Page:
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Fake pork meat and reasons to never walk again in Las Vegas this week

S-Pod image courtesy of Segway, January 3 2020

People are geeking out over the future of tech at CES in Las Vegas, an annual conference and showcase of the latest in gizmos and gadgets.

Dave Ross spoke to Washington Post tech columnist Geoffrey Fowler on Seattle’s Morning News about what they have on display.

Fowler’s favorite thing so far?

“I think what we’re probably most likely to actually see and try is this new fake pork meat!” Fowler said. “The Impossible Foods people who made the fake hamburgers that have become really popular in the last year … they’re making a pork now.”

There were plenty of other out-of-the-box ideas. One of the most unsettling is perhaps Segway’s new S-Pod, which Fowler got a chance to ride around in.

It bears a startling similarity to the floating chairs featured in the Wall-E movie.

“It’s like the future humans and we’re all so fat and we don’t really walk anymore, we just float around in these little bubbly things?” Fowler said. “Yeah so they invented that, that’s real now.”

The pods can go up to about 24 miles an hour. But for people to test them out at the conference, Segway limited the machines to a max of 7 mph.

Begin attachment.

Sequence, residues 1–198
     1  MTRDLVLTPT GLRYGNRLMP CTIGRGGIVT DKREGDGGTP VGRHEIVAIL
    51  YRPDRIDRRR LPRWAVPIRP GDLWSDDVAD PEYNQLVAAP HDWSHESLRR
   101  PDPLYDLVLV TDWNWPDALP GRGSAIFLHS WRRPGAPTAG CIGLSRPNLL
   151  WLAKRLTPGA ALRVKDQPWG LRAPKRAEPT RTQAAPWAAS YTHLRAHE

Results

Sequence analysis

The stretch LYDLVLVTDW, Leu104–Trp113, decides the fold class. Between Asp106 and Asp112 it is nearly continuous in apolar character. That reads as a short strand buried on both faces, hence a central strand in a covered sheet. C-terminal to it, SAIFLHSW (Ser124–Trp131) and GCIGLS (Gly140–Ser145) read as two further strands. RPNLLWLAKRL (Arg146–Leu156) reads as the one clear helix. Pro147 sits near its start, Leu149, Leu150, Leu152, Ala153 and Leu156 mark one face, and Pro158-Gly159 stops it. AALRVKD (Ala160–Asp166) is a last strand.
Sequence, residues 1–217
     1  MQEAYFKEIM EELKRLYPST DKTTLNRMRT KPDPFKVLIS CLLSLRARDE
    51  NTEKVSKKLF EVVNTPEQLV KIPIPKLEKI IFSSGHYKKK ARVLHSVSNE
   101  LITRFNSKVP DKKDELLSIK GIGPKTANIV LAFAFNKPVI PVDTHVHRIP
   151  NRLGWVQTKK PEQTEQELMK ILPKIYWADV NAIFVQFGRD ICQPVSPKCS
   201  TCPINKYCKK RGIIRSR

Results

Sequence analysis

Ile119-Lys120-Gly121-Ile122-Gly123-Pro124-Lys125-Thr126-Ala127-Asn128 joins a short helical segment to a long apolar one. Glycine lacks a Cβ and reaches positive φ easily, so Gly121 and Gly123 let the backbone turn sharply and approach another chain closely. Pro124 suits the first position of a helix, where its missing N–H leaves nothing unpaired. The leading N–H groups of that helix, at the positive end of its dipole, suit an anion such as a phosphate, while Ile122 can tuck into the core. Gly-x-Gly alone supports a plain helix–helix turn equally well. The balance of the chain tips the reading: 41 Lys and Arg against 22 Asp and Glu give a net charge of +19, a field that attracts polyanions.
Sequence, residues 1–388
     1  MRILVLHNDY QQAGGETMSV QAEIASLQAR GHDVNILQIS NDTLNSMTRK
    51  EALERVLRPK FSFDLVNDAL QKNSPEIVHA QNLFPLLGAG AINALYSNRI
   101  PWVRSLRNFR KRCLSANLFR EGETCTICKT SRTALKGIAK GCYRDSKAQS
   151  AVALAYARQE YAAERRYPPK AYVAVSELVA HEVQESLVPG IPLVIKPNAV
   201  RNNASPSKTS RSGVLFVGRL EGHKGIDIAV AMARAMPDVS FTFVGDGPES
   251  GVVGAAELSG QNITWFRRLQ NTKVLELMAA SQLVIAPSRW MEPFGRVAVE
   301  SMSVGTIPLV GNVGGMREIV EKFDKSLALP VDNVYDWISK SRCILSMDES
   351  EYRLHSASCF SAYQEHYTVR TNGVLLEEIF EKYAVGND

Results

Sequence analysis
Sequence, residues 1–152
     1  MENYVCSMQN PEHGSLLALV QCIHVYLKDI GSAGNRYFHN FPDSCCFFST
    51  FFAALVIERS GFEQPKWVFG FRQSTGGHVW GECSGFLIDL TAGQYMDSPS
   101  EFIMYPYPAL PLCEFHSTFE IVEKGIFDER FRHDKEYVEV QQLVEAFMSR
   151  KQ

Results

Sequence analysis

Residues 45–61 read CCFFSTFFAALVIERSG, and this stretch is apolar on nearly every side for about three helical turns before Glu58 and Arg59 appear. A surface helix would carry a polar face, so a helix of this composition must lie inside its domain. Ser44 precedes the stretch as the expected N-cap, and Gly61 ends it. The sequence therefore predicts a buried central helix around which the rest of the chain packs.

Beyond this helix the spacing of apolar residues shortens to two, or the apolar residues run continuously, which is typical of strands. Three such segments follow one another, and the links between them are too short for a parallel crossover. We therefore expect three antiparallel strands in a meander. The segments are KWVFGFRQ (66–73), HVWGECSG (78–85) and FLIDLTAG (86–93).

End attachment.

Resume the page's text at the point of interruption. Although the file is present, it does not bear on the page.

“Even that seems terrifyingly fast,” Fowler said. “I did wear a helmet though.”

And in other dystopian future/sit on your butt news, TV resolution has doubled with the unveiling of an 8K TV.

“I think it’s going to be a little bit of a harder sell,” Fowler said. “Yes, if you go from 4K to 8K you get four times as many pixels … but you have to stand really close to see the difference.”

There’s also a new TV made by Samsung called Sero that can rotate itself to stand vertically, optimized for viewing video or photos taken on your phone. Rotated, it does kind of resemble a giant phone.

Samsung’s new “Sero” television, rotated into a vertical orientation. Samsung, 2020

“It’s not the world’s worst idea, I just don’t know how many people are going to want to buy that TV,” Fowler said.

Listen to the Seattle’s Morning News weekday mornings from 5-9 a.m. on KIRO Radio, 97.3 FM. Subscribe to the podcast here.

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